This blog entry was contributed by: Ruud van der Pas, Kurt Goebel, Vladimir Mezentsev. They work in the Oracle Linux Toolchain Team and are involved with gprofng on a daily basis.
Gprofng is a next generation application profiling tool. It supports the profiling of programs written in C, C++, Java, or Scala running on systems using processors from Intel, AMD, Arm, or compatible vendors. The extent of the support is processor dependent, but the basic views are always available.
Two distinct steps are needed to produce a profile. In the first step, the performance data is collected. This information is stored in a directory called the experiment directory. There are several tools available to display and analyze the information stored in this directory.
These are some of the features:
Before we describe gprofng in more detail, we would like to present a brief history of this tool.
The origin of gprofng lies in the Performance Analyzer tool that is included in the Oracle Developer Studio tool suite.
As part of the work, this performance analysis tool was isolated from the Studio environment and turned into a standalone tool. The user interface was completely redesigned to make it more intuitive, easier to use, and better prepared for future extensions. Commonly utilized GNU and Linux utilities were leveraged, and support for Arm/aarch64 was added.
In August 2022, gprofng was made available as part of the open source GNU binutils tool suite. The binutils tools can be downloaded here.
Several tools (or commands) are part of the gprofng suite.
All commands start with gprofng, followed by a qualifier to describe the functionality. In some cases, this is followed by a keyword to further specify what needs to be done. This is followed by the target. Examples of a target are the executable to be profiled, or the experiment directory to be analyzed. As an example, this is the command to collect performance data on an executable with the name a.out:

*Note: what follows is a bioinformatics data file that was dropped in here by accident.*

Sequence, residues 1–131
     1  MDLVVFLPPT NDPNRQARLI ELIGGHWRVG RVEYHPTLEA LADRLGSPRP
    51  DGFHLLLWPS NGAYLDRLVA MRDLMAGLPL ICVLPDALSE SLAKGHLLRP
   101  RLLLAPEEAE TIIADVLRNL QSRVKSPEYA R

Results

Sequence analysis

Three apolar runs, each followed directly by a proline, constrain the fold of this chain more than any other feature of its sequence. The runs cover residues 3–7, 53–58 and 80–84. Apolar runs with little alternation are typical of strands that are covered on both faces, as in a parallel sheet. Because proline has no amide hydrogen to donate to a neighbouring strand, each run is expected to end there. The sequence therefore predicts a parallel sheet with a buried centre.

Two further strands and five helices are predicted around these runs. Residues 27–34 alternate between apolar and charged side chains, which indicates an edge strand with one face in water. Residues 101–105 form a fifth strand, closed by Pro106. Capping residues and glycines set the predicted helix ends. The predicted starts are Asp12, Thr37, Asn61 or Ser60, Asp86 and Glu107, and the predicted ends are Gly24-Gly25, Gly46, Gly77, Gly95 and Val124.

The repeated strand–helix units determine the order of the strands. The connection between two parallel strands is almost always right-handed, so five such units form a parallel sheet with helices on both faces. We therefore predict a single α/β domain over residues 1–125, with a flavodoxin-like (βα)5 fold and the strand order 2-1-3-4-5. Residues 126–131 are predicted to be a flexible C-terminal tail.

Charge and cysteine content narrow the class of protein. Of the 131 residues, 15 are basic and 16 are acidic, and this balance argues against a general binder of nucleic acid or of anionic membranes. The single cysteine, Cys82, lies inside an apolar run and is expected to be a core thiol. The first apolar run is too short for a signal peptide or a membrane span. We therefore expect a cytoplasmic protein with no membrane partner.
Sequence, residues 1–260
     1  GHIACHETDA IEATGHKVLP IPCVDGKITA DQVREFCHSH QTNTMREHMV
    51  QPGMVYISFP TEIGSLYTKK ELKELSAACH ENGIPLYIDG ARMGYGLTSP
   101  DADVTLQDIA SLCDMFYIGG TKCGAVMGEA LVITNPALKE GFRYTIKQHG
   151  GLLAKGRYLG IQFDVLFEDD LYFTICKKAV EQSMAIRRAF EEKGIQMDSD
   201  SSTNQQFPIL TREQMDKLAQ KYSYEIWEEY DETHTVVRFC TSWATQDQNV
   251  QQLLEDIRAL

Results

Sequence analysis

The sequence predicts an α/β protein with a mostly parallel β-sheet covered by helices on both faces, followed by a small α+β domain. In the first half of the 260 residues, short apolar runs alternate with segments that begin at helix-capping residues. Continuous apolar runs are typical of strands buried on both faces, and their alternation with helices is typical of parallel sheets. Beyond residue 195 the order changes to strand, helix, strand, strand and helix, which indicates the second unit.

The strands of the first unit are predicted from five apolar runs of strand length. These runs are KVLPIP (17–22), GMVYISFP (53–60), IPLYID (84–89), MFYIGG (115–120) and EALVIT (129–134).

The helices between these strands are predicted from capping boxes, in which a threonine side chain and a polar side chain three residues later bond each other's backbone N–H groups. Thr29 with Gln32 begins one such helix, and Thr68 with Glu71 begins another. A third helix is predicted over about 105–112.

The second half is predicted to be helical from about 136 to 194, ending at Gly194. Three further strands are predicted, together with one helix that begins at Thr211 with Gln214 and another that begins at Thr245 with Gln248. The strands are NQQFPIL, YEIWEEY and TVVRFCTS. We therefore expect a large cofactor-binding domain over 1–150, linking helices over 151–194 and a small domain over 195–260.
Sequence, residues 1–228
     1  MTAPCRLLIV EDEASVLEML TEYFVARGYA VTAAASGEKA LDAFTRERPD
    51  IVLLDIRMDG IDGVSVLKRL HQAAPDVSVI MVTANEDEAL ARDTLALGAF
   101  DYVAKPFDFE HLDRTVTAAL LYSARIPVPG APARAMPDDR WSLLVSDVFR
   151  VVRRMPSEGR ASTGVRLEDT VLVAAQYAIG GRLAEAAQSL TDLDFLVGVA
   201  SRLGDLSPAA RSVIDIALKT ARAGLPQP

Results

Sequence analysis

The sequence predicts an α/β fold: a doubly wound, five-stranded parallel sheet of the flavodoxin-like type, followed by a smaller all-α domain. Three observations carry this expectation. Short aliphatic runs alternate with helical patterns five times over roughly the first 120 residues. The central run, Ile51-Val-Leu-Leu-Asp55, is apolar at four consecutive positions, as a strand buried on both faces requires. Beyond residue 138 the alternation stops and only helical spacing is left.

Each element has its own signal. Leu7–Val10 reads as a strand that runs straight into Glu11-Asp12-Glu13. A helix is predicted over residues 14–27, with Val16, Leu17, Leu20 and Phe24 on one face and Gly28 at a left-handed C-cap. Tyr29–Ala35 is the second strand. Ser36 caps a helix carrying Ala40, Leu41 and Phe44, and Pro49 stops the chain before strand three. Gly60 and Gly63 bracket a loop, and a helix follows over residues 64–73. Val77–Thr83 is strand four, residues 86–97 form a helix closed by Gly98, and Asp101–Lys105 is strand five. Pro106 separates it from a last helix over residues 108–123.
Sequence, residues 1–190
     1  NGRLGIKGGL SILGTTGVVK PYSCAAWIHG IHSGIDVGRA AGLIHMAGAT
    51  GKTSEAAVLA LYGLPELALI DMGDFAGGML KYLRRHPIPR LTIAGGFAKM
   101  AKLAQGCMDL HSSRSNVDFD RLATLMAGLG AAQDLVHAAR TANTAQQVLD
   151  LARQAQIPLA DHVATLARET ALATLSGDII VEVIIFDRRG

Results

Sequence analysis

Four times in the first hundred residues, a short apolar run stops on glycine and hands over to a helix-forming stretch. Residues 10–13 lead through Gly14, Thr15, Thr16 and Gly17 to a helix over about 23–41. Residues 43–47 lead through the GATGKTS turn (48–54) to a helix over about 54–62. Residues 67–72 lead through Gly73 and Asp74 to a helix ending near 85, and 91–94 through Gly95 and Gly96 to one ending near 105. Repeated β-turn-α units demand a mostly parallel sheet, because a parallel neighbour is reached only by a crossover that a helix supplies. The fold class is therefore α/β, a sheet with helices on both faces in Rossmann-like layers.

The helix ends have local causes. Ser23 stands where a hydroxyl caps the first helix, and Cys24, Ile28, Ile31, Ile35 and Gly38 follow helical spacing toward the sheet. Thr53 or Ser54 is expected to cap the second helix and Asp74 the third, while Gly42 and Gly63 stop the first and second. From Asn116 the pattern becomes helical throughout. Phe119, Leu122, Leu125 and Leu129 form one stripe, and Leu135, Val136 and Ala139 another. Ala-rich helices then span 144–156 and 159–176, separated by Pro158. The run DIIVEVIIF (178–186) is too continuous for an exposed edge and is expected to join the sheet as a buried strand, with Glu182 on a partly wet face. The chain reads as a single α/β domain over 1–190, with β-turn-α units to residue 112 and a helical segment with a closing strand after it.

$ gprofng collect app ./a.out
These are the gprofng tools/commands and their functionality:
The demo code used in the example below implements a matrix-vector multiplication algorithm. It is written in C and has been parallelized with the Pthreads parallel programming model.
This is an example how to multiply a 5000x4000 matrix with a vector of length 4000, using 2 threads:
$ ./mxv-pthreads.exe -m 5000 -n 4000 -t 2 mxv: error check passed - rows = 5000 columns = 4000 threads = 2 $
The program performs an internal check for correctness and if this test passes, prints a one line message to indicate successful execution. The algorithm parameters are printed as well.
There are two steps needed to get a basic profile on the screen. In the first step, the performance data is collected. The results are stored in what is called an experiment directory. In the second step, the performance results are displayed using the data in this directory.
In this case we use a single experiment only, but multiple experiments may be loaded simultaneously. The results can either be aggregated or compared.
It is important to note that nothing special needs to be done in order to collect the performance data. There is no need to recompile the code, set environment variables, and/or use special libraries. This is also true for multithreaded applications.
All that needs to be done is to execute the program under control of gprofng. Since we want to collect the performance data, we use the gprofng collect app command to do so:
$ gprofng collect app ./mxv-pthreads.exe -m 5000 -n 4000 -t 2 Creating experiment directory test.1.er (Process ID: 2607338) ... mxv: error check passed - rows = 5000 columns = 4000 threads = 2 $
The second line in the output is from gprofng. It echoes the process id and confirms that we are indeed gathering performance data. The results will be stored in an experiment directory with the name test.1.er.
This is a default name. Since by default existing experiment directories are not overwritten, a subsequent data collection experiment will use test.2.er to store the results in. And so on for additional experiments.
The -o option can be used to give the experiment a more meaningful name. Existing experiments with the same name will not be overwritten though. For that, the -O option may be used.
The job ran to completion and the data in the newly created experiment directory can be analyzed using one of the display tools. Note that the data can be also be viewed while the profile job is running still.
The command to display the performance data on the screen is gprofng display text. It takes one or multiple experiment directories as input.
If it is invoked without any additional options, the tool is started in interactive, or "interpreter" mode:
$ gprofng display text test.1.er Warning: History and command editing is not supported on this system. (gp-display-text) quit $
In this environment, commands can be issued interactively. Although there is nothing wrong in using it like this, most users specifiy the display related commands on the command line. An alternative is to add commands to a script file and have these executed.
Here we show how to use commands on the command line. We are actually only going to use a single command. The -functions command shows how much time is spent in each function that has been executed: